Justice Department, SEC Seek Information From Companies on Payments to Overseas Officials
Wall Street Journal, October 5, 2010
by Michael Rothfeld
Federal investigators are looking at ways that drug makers could be paying bribes overseas to boost sales and speed approvals, according to letters sent to the companies and people close to the matter.
Big companies—including Merck & Co., AstraZeneca PLC, Bristol-Myers Squibb Co. and GlaxoSmithKline PLC—in recent months have disclosed they are being investigated for possible violations of a 1977 law that makes it illegal for companies whose stock is traded in the U.S. to bribe government officials in other countries to get business.
The companies said they are cooperating with the government, with several adding that the investigation is industry-wide and broader than their companies specifically. Many said they have policies meant to ensure compliance with the Foreign Corrupt Practices Act.
So far, none of the companies has been accused of wrongdoing, and the investigation ultimately may not result in charges.
The Justice Department and the Securities and Exchange Commission requested that companies voluntarily report any violations of the FCPA. Some companies, including SciClone Pharmaceuticals Inc. and Eli Lilly & Co., disclosed receiving subpoenas from the SEC. Baxter International Inc. also has said it is being investigated.
The investigation is targeting transactions in Brazil, China, Germany, Italy, Poland, Russia and Saudi Arabia, people familiar with the matter said.
The Justice Department and the SEC declined to comment.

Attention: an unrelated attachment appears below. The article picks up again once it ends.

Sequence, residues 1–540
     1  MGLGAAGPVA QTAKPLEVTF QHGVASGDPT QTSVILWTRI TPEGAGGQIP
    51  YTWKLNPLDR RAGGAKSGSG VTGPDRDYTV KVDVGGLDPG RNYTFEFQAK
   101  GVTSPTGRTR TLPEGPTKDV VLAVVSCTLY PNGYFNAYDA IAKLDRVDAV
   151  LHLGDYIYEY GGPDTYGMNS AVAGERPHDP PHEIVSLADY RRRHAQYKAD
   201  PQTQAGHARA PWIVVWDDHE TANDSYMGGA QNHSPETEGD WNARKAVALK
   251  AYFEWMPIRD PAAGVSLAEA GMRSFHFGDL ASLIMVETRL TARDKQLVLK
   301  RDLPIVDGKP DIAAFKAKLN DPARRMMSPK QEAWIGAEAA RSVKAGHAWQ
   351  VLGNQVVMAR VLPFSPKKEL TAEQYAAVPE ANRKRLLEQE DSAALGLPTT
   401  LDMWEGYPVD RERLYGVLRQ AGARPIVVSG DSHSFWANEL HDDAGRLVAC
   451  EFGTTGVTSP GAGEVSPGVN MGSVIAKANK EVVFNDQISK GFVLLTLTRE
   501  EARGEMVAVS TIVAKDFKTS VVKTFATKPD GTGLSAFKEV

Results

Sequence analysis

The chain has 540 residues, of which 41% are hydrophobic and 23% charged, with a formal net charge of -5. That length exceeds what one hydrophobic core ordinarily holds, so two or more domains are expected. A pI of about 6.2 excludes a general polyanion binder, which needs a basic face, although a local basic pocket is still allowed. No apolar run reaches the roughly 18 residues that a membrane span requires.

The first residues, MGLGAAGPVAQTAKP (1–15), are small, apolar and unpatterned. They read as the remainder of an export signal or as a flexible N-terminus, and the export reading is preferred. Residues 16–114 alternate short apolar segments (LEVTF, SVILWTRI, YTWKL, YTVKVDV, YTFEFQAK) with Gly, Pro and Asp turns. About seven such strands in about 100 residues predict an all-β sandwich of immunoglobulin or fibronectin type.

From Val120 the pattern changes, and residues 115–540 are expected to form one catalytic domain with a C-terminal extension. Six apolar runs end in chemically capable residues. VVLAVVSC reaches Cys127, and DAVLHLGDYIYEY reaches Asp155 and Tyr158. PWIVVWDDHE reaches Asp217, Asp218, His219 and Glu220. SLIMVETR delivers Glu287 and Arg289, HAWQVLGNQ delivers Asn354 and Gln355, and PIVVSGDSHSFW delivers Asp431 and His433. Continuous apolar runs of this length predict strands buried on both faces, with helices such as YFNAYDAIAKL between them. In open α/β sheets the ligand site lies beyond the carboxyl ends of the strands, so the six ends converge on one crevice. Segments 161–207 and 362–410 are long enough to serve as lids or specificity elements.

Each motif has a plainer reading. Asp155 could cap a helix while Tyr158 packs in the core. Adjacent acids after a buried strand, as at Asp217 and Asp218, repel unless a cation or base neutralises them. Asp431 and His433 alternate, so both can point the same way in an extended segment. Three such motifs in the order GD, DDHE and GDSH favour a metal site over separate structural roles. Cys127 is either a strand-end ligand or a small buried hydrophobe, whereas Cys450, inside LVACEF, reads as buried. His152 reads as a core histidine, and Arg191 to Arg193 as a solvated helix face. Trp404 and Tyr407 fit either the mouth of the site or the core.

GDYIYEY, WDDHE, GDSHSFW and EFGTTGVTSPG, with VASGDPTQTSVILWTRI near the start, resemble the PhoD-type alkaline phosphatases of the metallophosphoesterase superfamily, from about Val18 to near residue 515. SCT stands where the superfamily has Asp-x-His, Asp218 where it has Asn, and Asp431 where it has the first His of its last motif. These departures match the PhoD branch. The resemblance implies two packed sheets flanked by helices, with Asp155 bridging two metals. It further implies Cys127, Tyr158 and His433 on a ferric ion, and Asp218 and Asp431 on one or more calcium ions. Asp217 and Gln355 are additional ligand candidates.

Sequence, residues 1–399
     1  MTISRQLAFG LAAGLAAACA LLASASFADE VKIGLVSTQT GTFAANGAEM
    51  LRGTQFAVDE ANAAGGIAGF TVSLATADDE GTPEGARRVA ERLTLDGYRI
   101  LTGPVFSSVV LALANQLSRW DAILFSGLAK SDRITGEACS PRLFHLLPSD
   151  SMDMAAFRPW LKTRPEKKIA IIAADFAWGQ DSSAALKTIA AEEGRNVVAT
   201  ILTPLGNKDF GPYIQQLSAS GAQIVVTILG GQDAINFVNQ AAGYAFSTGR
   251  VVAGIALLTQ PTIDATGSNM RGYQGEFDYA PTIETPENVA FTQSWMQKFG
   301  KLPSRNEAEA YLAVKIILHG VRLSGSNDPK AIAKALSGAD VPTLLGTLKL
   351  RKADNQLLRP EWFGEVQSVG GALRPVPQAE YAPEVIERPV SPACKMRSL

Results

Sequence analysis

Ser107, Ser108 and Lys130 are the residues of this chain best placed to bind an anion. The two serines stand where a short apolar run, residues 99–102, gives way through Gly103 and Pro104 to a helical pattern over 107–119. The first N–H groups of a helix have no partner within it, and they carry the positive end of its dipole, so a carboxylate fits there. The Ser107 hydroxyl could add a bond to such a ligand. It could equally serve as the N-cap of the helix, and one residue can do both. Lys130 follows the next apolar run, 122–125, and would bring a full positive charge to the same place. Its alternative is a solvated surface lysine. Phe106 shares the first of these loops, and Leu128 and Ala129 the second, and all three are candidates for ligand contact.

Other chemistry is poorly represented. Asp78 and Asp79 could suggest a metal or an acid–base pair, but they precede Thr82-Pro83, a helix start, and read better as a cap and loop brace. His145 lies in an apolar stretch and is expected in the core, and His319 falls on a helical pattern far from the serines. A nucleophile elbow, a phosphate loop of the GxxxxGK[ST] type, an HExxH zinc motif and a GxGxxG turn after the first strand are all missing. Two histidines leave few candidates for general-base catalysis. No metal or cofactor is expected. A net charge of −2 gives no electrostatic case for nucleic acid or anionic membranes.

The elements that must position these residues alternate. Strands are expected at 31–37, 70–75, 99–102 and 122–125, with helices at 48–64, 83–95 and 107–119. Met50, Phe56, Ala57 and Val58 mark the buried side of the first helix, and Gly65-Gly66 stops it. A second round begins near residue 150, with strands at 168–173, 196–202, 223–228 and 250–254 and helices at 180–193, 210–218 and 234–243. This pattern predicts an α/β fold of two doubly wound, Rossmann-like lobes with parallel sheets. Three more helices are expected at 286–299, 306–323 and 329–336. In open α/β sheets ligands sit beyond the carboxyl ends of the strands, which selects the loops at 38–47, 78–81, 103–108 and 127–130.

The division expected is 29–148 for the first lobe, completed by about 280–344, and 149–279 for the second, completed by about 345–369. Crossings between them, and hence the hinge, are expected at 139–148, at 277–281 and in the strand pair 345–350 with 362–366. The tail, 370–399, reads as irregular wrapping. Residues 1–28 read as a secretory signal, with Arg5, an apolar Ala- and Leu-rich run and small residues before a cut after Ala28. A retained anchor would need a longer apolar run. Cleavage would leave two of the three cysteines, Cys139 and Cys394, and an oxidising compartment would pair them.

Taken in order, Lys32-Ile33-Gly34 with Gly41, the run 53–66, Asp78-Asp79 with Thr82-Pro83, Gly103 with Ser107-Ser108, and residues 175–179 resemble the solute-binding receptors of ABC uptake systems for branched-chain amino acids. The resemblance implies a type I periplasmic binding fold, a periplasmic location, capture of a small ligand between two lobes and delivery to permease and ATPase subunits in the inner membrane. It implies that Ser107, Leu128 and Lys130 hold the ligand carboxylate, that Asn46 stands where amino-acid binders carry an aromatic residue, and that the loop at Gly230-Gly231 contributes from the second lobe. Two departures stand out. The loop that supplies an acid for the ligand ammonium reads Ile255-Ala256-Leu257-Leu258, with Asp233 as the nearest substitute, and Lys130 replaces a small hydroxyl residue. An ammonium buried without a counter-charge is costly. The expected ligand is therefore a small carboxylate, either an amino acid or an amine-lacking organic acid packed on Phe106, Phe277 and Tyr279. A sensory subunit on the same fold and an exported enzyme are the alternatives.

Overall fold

Such requests from the government typically kick off internal investigations at companies, which generally comply with the requests in order to win leniency from the government if a violation is found.
A lawyer for one drug company said the industry has been vexed because the recent requests were so broad and because the investigations, across operations in several countries, can cost millions of dollars.
“If you don’t have any specifics, a lot of this is just guesswork,” the lawyer said. “Everyone was running around to get in the door to meet with the government so they can better understand what the issues are.”
Letters from the government to one of the companies, which were reviewed by The Wall Street Journal, identified four types of possible violations: bribing government-employed doctors to purchase drugs; paying company sales agents commissions that are passed along to government doctors; paying hospital committees to approve drug purchases; and paying regulators to win drug approvals.
People familiar with the situation said the other companies received similar letters.
The requests are similar to the government’s actions in an older bribery probe involving medical devices. In that investigation, settlement talks are ongoing with several companies, according to a person familiar with the matter.
Representatives for Merck, AstraZeneca, Bristol-Myers, Glaxo and Baxter declined to comment on the probe beyond saying they were cooperating fully with the government.
A SciClone spokeswoman declined to comment beyond the company’s SEC filings, in which it said it was subpoenaed for documents relating to its practices in China. A Lilly spokesman referred to an SEC filing in which the company said the U.S. government expanded to other countries an investigation of its Polish subsidiaries that began in 2003.
U.S. officials and European regulators have become increasingly aggressive in investigating foreign bribery cases in recent years. U.S. officials recently have threatened to file charges against executives and not just their companies.
The pharmaceutical industry is particularly vulnerable because government plays a bigger role in administering medicine in many foreign countries than it does in the U.S. and drugs are highly regulated, which creates contact with public officials. Doctors and hospital administrators often are government employees overseas.
Some of the alleged bribes could involve payments to doctors to influence drug trials, people familiar with the situation said. Justice Department officials have said publicly that drug companies also could face charges if they bribe government officials in the guise of payment for travel, meals, entertainment or speaking fees.
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